Why Lawyers Of The Future Will Need To Wear “Hats”

There’s a strange thing going on between law firms and accounting firms which has led to some pretty unprecedented changes.

(Watch out because the landscape is changing!)

Law firms saw their moats disappear when the “Big Four”—KPMG, PwC, Deloitte and EY—set the crosshairs on the former’s client base and zone of influence.

In a typical merger & acquisition move, for example, these consulting firms would do just the financials, taxes and organizational matters. Now, they also want sole custody of all that legal work too, keeping established law firms completely out of the loop.

So, not wanting to be outdone, the big law firms are giving the new competition a taste of their own medicine, doing some encroaching of their own, extending the practice into fields like technology and energy. They are expanding into the Big Four’s zone of expertise—well beyond their traditional borders.

This, and similar moves, have resulted in a competitive landscape where age-old legal institutions are offering clients cutting-edge technical and technological consulting.

(MinterEllison’s acquisition of ITNewcom, an IT consulting company, is an intimation of things to come.)

What This All Means?  

It means that, soon, there won’t be much difference between law firms, technology consulting firms, accounting firms, and management consulting firms.

In their bids to be one-stop-shop agencies, industries that used to have very little to do with each other have become direct competitors.

This era of an agency wanting to be “everything” for all clients requires a new breed of leader and worker. To blossom in this age of “hypercompetition”, the individual, in the tradition much like their firms, needs to adapt and stretch his comfort zone.  

Profound changes are already well underway. For example, the routine jobs often assigned to very junior associates can now be automated or offshored to workers in other countries…who may actually have more expertise…at the fraction of the cost.

Software programs can now write legal documents, and even submit them to the courts. Predictive analytics can guide the practice and propose arguments for litigation—computing the probability of success. Machines can even adjudicate disputes in tax law and consumer law.

The issue here is not just staying ahead of the curve, it’s about getting a whole new paradigm. A lawyer for the future needs to adapt. And fast.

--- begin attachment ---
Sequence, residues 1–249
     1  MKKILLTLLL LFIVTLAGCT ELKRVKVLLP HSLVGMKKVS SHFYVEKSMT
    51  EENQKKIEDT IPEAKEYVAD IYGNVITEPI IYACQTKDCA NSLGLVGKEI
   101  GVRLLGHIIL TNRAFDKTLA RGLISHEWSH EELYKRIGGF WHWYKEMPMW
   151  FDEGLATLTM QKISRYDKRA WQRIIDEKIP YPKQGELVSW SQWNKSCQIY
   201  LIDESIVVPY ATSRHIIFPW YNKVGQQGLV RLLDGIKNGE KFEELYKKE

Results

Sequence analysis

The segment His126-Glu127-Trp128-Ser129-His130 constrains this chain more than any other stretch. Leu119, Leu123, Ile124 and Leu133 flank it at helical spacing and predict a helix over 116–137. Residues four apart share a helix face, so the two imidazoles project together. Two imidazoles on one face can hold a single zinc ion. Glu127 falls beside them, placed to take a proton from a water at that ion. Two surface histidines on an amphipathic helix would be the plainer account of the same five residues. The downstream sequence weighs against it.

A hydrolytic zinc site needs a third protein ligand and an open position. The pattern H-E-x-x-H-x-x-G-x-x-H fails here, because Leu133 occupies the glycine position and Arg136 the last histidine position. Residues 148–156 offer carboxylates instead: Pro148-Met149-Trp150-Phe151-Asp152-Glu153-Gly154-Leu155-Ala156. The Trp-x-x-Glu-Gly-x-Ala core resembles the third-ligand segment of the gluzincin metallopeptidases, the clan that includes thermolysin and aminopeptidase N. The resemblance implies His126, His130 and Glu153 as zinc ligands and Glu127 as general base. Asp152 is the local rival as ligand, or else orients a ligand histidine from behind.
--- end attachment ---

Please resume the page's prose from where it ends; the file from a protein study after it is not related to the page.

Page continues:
For a solid value proposition well into the future, here are three “hats” every future lawyer needs to try on.  

# 1 The Specialist Needs To Become A Generalist

Because firms are getting into areas they are not traditionally known for, individuals from these firms need to do a lot of “self-education.”

Continuous learning is required.

For example, a lawyer needs to go beyond writing legal briefs and dive into an intimate understanding of the business and commercial interests of his clients. He needs to closely grasp market forces, economic indicators and business trends.

Unfortunately, law schools are short on these subjects.

A legal consultant would then be not just looking at the lawfulness or permissibility of a corporate restructuring, but also on the potency of its benefits for the client, and its effects on the competition and industry as a whole. This blurs the line between a legal consultant and a business/management consultant.

Clients would want to hire somebody who can both whack the weeds down below (being a specialist), but also see the big picture—a 30,000 feet view.

Sure, in a team of consultants, there will always be specialists who know narrow-but-deep. But to make it in a world where clients expect more bang for their buck, a sharp legal mind with well-honed business instincts and accounting edge makes for a very compelling argument.

For competitive advantage and for future-proofing one’s career, a lawyer needs to beef up on a slew of competencies in non-legal fields—from engineering, business, psychology to economics.

#2 The Old Needs The New 

Imagine a lawyer who refuses to ride the elevator or use the ATM.